Boris Johnson and Jeremy Hunt have made their pitch to be the next prime minister at the first of 16 Conservative Party hustings.
The two contenders for Number 10 laid out their vision for the country at a conference in Birmingham.
Mr Johnson said these were “dark days” for his party, but insisted he could turn things around.
But his rival warned members not to elect the “wrong person” and risk “catastrophe”.
Mr Johnson said the most important thing was to “get Brexit done”.
He said: “My ambition is to unite this country and our society… let’s take Britain forward.
“We need to discover a new confidence in our country.”
‘Slamming and banging’
The former mayor of London featured on most of Saturday’s newspaper front pages following reports by the Guardian that police were called to his London home after neighbours reported “slamming and banging” in the early hours of Friday morning.
The Metropolitan Police Service have said they will not be taking any further action following the episode.
Asked by the hustings moderator, LBC presenter Iain Dale, whether character mattered when choosing a prime minister, Mr Johnson said: “I don’t think people want to hear about that.”
Accused of ducking questions, Mr Johnson said: “People are entitled to ask me what I want to do for the country.”
His rival, Mr Hunt, said the UK was in a “very serious situation”.
He continued: “Get things wrong and and there will be no Conservative government, and maybe even no Conservative Party.
“Get things right and we can deliver Brexit, unite the party and send [Labour leader Jeremy] Corbyn packing.”
But he warned that if Tory party members elected the “wrong person” as leader then “catastrophe awaits”.
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Mr Johnson, meanwhile, said he would prepare for a no-deal Brexit if he became PM.
He said: “We must be able to come out on WTO terms, so that for the first time in these negotiations we carry conviction.
“And it is precisely because we will be preparing between now and 31 October for a no-deal Brexit that we will get the deal we need.”
He repeated his previous claim that it was “eminently feasible” for the UK to leave the EU by 31 October, saying he intended to make it happen.
That is the date that the EU’s membership extension runs out, and if nothing has changed, the UK leaves without a deal.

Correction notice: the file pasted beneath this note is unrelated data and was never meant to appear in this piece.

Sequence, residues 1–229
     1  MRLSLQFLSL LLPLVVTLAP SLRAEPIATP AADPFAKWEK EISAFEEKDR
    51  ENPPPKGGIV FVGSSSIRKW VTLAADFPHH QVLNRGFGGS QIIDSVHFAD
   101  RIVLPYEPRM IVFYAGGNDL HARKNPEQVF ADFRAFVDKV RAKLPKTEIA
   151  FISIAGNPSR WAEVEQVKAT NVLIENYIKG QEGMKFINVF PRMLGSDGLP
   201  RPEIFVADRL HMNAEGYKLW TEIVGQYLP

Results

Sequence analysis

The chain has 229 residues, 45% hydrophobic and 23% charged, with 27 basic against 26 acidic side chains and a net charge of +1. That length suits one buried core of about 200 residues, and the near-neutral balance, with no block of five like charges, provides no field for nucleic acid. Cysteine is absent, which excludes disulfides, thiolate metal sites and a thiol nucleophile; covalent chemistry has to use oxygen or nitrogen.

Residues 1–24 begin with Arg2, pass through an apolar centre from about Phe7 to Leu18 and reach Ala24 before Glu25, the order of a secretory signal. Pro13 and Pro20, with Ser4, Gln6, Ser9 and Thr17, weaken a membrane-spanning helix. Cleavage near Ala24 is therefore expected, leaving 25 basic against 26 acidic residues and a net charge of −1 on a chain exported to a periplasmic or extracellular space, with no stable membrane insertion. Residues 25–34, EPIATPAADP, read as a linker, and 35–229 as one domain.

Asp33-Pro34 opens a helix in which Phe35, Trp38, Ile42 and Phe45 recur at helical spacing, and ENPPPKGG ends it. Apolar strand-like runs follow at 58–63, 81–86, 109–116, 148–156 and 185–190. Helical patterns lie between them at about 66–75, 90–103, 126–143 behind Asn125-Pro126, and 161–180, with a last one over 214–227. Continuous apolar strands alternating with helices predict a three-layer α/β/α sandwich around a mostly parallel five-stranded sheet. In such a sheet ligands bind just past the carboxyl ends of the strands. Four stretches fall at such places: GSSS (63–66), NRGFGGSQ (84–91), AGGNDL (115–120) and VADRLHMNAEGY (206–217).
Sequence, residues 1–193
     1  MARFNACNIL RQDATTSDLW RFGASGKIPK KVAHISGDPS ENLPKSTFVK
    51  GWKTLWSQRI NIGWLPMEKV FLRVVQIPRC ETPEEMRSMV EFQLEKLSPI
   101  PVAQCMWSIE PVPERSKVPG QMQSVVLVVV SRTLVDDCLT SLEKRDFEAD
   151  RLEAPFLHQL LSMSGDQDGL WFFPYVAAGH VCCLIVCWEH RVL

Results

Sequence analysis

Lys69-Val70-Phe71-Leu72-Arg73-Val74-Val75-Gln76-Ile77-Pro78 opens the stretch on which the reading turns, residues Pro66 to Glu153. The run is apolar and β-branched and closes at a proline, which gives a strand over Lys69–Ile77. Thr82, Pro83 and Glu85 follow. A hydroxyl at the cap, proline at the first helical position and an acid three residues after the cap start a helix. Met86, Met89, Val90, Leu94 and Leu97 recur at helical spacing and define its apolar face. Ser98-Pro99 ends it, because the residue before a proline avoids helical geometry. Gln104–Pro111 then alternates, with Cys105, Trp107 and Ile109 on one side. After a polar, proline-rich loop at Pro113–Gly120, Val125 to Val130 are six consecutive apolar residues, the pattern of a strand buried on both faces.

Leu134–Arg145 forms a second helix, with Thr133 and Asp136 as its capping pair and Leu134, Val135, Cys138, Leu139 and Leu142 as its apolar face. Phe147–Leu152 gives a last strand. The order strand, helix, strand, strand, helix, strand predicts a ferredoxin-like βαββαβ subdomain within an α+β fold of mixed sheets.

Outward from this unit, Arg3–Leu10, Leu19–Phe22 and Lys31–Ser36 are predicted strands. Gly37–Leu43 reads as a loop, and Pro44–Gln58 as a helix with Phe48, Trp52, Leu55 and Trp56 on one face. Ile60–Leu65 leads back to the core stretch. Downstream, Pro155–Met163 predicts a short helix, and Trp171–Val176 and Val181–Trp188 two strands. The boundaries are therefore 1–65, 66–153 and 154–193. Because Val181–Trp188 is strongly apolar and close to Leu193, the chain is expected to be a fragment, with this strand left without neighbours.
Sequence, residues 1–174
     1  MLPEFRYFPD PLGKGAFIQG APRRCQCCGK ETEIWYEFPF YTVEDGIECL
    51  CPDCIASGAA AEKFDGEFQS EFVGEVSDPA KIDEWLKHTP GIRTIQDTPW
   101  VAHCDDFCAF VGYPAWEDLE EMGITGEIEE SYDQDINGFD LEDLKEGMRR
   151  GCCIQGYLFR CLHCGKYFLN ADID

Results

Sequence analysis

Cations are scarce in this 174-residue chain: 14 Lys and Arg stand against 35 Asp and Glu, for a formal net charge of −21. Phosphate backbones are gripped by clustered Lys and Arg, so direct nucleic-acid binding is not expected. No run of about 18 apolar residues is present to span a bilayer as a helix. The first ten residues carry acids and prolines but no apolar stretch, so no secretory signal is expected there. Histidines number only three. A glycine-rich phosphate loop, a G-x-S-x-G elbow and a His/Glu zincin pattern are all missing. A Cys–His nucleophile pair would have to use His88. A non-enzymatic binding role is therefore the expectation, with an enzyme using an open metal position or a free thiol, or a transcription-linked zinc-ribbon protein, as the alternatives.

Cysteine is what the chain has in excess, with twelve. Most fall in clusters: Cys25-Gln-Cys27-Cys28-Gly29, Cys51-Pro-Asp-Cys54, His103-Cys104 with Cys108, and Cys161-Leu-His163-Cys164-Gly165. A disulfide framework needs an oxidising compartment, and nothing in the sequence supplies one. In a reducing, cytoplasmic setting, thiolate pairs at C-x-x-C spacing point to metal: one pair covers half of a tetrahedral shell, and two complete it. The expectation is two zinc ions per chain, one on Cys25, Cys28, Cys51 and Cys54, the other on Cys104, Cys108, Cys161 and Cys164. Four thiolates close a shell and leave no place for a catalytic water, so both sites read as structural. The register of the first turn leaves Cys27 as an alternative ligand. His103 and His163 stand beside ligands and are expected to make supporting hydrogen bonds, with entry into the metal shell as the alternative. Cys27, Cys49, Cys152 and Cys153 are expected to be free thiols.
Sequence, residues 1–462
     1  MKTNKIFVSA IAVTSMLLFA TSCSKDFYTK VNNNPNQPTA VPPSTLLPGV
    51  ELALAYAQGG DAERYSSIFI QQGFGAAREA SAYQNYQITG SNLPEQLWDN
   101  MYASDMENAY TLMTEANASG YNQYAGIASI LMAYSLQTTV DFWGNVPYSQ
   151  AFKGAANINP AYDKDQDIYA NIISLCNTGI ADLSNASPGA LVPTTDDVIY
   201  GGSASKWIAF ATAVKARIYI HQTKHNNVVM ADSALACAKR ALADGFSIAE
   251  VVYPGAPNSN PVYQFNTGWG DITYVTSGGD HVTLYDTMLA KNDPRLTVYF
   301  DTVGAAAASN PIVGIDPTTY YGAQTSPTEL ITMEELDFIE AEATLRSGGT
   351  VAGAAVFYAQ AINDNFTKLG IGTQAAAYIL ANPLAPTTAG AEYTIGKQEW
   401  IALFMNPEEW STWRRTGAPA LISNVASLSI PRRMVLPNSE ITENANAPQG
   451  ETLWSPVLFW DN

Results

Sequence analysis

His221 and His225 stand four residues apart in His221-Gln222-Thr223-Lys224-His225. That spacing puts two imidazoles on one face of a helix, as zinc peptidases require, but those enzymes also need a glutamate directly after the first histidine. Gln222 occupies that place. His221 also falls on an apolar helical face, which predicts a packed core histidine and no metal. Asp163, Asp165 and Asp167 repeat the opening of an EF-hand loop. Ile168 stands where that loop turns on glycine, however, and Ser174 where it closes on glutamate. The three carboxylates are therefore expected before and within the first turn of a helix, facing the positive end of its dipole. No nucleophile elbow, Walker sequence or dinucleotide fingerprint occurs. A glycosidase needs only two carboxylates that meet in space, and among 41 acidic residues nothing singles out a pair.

Theresa May officially stood down as Tory leader on 7 June and will cease to be prime minister in the week commencing 22 July.
An initial list of 10 candidates to replace her was whittled down to Mr Hunt and Mr Johnson in a vote by Tory MPs.
In the fifth and final round on Thursday, Boris Johnson came out on top with 160 out of the 313 votes cast. Mr Hunt received 77 votes and Michael Gove was knocked out with 75.
One questioner at the hustings wanted to know whether Mr Johnson’s approach to British business in the context of Brexit was as “cavalier and careless” as previously, when he used an expletive.
He replied: “I believe passionately in UK businesses, and as foreign secretary I spent a lot of my time promoting UK businesses at home abroad.”
Jeremy Hunt insisted he would leave the EU with no deal if necessary.
He said: “I would do so with a heavy heart. But if we have to in the end I would do that.”
Of a mooted renegotiation with Brussels, he said: “If we send the wrong person there’s going to be no negotiation, no trust, no deal, and if Parliament stops that, maybe no Brexit.
“Send the right person and there’s a deal to be done.”
And challenged over the fact he campaigned for Remain in 2016, the would-be premier said: “Look at my record since that referendum.
“I have been very clear on every occasion… I have voted for Brexit.”
‘Our own Jeremy’
In another jibe at his rival, Mr Hunt warned members not to elect a Conservative “populist” to oppose “hard-left populist” Jeremy Corbyn.
Referring to himself, he said: “Or we could do better and choose our own Jeremy.”
He continued: “If Corbyn gets into Downing Street there will never be Brexit.
“That’s why it’s so important that we hold together our Conservative and DUP family and deliver Brexit.”
Mr Hunt said he would increase defence spending and called for Conservatives to have a “social mission”, focusing on social care for older people.
He also vowed to get more young people voting Tory.
And he promised: “I will never provoke a general election before we have left the EU.”
Members will receive their ballots between 6 and 8 July, with the new leader expected to be announced in the week beginning 22 July.